Water availability for bioenergy in Kazakhstan: Review, preliminary results, and key points

Marat Karatayev a,b

a Institute of Applied Geosciences, 73/2 Timur FrInstitute of System Sciences, Innovation and Sustainability Research, Karl-Franzens University of Graz, Merangasse 18-1, A-8010, Graz, Austria
b Centre for the Environment, University of Nottingham, Innovation Park, NG7 2TU, Nottingham, United Kingdom

*Email: Marat.Karatayev@uni-graz.at


July 31, 2023


In transitional countries with arid climates, water stress is rising as the demand for water rises with population, economic growth, and intensive development of agriculture and energy and change in climate environment. In this regard, transitional nations plan in national programmes and policies alternative energy sources, sustainable food development, and circular water resource usage. However, these nations frequently approach current water, energy, and food planning without taking interactions of these resources and their impact on each other into account. This paper intends to demonstrate the significance of the water, energy, and food nexus approach for Central Asian countries in transition. Kazakhstan is used as an example of a resource-rich, transitional economy in Central Asia. Kazakhstan has set a goal of reaching a 50% share of renewable and alternative energy sources in electricity generation by the year 2050 to reduce water and energy poverty, improve water and energy efficiency, achieve carbon neutrality, and rank among the top 30 developed nations. To meet the water and renewable energy goal, bioenergy plantation is anticipated to develop between 2030 and 2050. The findings of paper show that total withdrawals for bioenergy increase from the reported data of 15503.68 m3 in 2020 to 32182.16 m3 in 2050 under a bioenergy-intensive scenario. The average total increase, or 75.5%, would be 16678.48 m3. As such, policymakers and stakeholders in Central Asian region and Kazakhstan needs to carefully design its national energy goals given its future increase of water withdrawals, and shortage environment.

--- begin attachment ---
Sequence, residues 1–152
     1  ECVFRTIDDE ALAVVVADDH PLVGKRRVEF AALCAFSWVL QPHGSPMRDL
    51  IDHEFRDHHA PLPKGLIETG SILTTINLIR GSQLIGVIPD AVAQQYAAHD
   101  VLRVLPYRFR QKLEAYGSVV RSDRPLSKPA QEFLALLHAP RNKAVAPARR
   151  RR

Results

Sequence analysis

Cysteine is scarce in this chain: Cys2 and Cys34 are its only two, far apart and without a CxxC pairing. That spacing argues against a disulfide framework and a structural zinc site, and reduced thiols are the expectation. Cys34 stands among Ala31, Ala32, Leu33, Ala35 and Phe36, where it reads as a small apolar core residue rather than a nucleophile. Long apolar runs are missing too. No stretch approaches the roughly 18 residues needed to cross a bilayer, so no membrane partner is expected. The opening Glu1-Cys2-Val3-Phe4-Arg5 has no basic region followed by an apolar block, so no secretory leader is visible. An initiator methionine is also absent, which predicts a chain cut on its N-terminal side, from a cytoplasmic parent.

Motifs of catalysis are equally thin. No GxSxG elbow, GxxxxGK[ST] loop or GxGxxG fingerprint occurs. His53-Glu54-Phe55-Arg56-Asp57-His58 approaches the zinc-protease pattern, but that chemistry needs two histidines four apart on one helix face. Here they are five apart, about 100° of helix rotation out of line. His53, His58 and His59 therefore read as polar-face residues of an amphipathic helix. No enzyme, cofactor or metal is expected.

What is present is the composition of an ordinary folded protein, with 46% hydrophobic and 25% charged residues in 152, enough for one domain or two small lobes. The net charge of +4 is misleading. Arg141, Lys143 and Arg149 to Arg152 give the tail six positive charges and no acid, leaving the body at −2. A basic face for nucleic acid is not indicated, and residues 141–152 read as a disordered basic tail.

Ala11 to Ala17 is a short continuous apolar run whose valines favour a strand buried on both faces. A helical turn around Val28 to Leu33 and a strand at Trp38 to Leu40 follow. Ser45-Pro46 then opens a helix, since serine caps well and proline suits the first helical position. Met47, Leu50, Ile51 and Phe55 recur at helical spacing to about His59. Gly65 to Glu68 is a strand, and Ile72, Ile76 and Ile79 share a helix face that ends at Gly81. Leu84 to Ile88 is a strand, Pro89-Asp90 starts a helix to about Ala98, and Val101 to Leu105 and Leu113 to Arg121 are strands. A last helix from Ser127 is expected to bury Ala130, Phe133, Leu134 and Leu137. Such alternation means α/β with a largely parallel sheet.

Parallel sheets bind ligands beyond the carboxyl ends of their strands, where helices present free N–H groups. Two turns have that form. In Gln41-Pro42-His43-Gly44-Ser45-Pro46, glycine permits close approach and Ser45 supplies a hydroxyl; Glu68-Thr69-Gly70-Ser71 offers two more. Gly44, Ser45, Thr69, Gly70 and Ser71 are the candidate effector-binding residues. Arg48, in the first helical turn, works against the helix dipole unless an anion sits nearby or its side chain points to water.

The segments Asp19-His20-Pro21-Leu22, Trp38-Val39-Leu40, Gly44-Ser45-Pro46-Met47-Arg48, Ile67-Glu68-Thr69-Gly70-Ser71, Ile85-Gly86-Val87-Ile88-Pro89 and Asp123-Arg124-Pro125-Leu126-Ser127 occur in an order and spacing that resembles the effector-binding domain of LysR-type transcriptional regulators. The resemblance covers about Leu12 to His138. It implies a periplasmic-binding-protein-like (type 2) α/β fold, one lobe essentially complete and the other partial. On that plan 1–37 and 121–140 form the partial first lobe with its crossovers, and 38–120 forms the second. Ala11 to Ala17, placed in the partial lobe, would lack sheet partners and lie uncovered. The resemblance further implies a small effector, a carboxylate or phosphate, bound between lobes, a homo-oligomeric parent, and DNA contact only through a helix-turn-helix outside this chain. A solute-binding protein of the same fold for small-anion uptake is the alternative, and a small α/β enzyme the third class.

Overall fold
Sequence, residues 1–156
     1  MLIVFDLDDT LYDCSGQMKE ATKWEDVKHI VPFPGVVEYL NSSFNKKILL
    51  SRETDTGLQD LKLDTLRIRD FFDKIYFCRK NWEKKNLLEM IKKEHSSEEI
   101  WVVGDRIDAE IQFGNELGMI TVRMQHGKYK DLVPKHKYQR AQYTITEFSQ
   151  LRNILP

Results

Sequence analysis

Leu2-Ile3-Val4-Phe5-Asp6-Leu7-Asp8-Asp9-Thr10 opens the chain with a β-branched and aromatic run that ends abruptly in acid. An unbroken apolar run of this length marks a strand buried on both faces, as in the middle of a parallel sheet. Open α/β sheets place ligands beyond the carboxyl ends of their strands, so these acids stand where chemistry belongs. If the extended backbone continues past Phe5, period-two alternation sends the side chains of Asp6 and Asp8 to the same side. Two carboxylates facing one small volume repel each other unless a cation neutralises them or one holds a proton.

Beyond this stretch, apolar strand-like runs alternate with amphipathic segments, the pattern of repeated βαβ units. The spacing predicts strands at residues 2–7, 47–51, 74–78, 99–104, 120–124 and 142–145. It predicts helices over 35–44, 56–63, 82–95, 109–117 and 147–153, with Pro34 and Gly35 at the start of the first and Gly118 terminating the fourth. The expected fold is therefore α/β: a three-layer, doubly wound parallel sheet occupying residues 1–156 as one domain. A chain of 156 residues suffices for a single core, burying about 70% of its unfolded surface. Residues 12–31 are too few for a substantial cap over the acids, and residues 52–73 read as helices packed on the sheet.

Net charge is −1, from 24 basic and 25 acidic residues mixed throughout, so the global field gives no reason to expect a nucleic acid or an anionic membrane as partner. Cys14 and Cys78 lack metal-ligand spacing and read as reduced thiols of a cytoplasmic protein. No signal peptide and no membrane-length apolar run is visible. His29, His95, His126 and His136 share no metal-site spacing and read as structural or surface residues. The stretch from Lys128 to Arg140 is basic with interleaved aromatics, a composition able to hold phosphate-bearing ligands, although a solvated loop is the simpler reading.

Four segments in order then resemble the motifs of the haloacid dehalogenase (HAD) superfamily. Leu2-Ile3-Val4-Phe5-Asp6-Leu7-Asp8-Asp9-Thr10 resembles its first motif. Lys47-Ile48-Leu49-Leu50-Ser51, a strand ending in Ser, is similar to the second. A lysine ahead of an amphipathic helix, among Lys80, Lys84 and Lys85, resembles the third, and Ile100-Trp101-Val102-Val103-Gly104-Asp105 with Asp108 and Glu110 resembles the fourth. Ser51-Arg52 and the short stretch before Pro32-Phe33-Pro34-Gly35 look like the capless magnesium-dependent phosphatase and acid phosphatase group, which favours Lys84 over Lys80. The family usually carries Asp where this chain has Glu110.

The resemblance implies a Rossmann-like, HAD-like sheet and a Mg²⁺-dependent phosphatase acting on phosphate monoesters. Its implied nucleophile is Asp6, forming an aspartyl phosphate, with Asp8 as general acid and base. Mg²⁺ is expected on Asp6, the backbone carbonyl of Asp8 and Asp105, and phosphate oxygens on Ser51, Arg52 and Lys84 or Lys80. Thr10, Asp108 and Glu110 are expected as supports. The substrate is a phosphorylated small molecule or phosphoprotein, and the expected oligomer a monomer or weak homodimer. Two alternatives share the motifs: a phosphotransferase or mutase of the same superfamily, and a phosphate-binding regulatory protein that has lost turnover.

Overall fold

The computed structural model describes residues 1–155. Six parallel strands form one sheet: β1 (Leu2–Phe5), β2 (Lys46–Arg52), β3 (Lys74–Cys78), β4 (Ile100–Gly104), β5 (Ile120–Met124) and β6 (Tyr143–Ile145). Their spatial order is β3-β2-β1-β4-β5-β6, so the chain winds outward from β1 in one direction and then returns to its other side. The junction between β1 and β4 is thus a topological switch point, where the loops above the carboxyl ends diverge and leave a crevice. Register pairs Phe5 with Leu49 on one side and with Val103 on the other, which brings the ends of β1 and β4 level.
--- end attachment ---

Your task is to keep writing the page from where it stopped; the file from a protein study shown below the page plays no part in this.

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For citation: Karatayev, M., (2023) Water availability for bioenergy in Kazakhstan: Review, preliminary results, and key points. Central Asian Journal of Sustainability and Climate Researchhttps://doi.org/10.29258/CAJSCR/2023-R1.v2-1/46-61.eng


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water-energy-food nexus; main path analysis; ArcGIS; Kazakhstan

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